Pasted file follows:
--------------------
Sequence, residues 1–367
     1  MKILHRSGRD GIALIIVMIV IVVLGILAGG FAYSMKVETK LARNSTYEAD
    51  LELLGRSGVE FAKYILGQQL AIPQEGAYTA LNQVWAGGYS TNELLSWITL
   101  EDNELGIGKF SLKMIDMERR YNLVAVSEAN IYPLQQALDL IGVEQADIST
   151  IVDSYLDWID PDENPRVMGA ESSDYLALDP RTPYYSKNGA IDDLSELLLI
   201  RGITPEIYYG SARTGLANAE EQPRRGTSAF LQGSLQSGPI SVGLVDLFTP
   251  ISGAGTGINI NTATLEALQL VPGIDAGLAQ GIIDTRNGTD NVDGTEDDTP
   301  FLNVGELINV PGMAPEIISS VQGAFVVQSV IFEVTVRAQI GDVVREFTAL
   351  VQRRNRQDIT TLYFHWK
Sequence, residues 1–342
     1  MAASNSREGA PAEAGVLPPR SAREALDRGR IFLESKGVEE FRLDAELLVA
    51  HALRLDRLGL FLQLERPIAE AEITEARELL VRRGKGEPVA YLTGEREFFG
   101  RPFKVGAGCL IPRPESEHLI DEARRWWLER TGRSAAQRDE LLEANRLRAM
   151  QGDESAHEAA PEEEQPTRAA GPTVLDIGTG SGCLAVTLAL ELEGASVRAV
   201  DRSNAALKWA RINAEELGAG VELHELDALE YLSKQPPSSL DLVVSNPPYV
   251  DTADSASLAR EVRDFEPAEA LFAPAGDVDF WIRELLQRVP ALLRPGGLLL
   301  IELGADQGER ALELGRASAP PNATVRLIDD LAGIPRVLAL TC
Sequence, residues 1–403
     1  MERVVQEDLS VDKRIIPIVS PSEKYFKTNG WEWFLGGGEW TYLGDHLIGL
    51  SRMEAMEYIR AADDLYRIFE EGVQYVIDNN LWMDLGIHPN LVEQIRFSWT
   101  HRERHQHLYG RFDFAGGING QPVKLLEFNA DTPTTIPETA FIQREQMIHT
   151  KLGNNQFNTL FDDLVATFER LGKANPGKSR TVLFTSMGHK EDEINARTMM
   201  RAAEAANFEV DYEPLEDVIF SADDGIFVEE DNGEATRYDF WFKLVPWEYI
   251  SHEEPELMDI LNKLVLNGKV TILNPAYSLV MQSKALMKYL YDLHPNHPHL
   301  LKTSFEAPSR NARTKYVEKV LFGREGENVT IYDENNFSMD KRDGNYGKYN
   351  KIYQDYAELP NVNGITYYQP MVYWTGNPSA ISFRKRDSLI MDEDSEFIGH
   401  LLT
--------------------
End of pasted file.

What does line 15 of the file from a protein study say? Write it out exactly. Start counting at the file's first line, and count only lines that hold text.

   201  DRSNAALKWA RINAEELGAG VELHELDALE YLSKQPPSSL DLVVSNPPYV